When a spaceship lands on the moon, it is hailed as a new accomplishment, before it becomes clear that a Victorian party completed the journey in 1899, leading investigators to that mission's last survivor.
In 1969, the Apollo moon landing is to be televised internationally but at a country fair in England a small boy named Jim meets the 90-year-old Julius Bedford who tells him that, in 1909, ... See full summary »
Cowboy James Franciscus seeks fame and fortune by capturing a Tyrannosaurus Rex living in the Forbidden Valley and putting it in a Mexican circus. His victim, called the Gwangi, turns out ... See full summary »
Based on the HG Wells story. The world is delighted when a space craft containing a crew made up of the world's astronauts lands on the moon, they think for the first time. But the delight turns to shock when the astronauts discover an old British flag and a document declaring that the moon is taken for Queen Victoria proving that the astronauts were not the first men on the moon. On Earth, an investigation team finds the last of the Victorian crew - a now aged Arnold Bedford and he tells them the story of how he and his girlfriend, Katherine Callender, meet up with an inventor, Joseph Cavor, in 1899. Cavor has invented Cavorite, a paste that will allow anything to deflect gravity and he created a sphere that will actually take them to the moon. Taking Arnold and accidentally taking Katherine they fly to the moon where, to their total amazement, they discover a bee-like insect population who take an unhealthy interest in their Earthly visitors...Written by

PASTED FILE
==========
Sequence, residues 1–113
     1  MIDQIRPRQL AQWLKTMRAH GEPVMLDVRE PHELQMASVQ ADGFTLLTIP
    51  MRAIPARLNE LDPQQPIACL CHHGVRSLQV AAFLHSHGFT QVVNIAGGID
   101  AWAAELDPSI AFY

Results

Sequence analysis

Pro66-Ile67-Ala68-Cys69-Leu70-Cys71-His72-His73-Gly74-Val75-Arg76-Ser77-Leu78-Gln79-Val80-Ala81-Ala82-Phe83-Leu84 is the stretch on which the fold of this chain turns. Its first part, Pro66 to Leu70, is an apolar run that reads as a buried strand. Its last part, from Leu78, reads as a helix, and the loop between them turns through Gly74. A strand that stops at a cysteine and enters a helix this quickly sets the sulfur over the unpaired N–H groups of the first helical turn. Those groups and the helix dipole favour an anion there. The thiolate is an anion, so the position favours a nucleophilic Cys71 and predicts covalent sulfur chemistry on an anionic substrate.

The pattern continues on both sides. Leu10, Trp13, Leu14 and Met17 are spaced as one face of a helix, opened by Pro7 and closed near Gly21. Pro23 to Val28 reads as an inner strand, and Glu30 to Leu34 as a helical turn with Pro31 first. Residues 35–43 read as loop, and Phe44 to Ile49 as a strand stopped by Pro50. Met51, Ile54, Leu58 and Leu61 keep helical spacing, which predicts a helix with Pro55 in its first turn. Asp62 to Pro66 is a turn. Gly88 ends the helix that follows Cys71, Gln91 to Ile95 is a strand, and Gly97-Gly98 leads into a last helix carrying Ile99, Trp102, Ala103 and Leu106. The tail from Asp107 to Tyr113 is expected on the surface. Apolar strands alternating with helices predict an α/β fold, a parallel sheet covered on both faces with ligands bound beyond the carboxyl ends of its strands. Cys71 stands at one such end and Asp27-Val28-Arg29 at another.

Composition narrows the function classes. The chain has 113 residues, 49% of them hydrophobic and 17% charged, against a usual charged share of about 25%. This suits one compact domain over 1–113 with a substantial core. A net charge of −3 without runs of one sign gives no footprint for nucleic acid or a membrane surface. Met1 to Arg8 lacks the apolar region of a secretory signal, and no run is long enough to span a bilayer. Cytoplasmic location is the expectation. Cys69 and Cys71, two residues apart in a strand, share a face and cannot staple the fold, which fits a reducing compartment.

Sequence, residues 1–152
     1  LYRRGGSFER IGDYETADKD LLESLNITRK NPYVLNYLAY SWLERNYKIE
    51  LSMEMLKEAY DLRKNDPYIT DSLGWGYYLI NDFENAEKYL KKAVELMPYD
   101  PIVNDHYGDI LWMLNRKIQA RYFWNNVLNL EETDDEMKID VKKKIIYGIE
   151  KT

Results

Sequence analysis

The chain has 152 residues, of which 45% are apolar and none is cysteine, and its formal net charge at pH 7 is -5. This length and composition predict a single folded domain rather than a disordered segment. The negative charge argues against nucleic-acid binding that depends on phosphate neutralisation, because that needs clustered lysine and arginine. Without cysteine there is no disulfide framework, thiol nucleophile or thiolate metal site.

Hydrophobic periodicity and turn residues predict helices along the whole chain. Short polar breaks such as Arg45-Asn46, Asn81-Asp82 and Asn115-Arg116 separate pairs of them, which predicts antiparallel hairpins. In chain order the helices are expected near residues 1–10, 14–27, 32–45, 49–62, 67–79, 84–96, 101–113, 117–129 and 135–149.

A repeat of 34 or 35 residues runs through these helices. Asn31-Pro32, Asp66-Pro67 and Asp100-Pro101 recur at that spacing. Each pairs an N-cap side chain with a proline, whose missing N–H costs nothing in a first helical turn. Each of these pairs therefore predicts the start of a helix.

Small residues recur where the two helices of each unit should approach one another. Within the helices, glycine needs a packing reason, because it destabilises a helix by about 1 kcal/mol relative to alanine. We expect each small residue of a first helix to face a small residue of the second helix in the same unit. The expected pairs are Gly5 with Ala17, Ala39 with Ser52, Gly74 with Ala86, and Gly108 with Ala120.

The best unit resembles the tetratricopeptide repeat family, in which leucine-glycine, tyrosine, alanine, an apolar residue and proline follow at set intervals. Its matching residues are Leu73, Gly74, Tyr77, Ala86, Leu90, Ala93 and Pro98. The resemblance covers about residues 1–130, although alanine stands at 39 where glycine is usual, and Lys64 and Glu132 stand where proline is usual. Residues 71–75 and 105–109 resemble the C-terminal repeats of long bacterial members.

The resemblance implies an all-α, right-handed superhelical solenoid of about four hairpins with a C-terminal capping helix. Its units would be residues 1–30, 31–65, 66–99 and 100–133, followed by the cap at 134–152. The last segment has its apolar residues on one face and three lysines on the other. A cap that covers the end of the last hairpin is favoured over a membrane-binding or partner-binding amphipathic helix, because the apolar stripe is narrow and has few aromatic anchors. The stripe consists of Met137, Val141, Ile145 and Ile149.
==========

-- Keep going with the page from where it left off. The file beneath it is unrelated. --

Lee Horton <Leeh@tcp.co.uk>
This is the only one of Ray Harryhausen's films to be shot in anamorphic widescreen (2.35:1) due to the difficulty of compositing images in his Dynamation Process. Many of the models had to be sculpted in the "squeezed" dimensions so that when they were photographed with a spherical lens, they would appear in their normal shape in projection. See more »
When Bedford goes up to the ceiling in the chair painted with "Cavorite", it supposedly gets caught in a wire and pulley system holding up a rod, but a closeup view makes it obvious the wire and pulley system is actually there to hold up the chair, and the rod is just a way to cover for it. See more »
One of Ray Harryhausen's best movies. As big a fan as I am of the Master Animator, one of the things that makes this film great is that it's one of his few films that works just fine without his effects. George Pal could have produced this with the same cast and script but without Harryhausen's (admittedly wonderful) special effects and it would still have been a delight. The acting, humor, production design, and music are all first rate. I am well aware that audiences of a certain age will consider this "cheesy" because it doesn't have the latest in (cheesy) CGI effects, and consequently will miss out on some great entertainment. They have my deepest sympathy.
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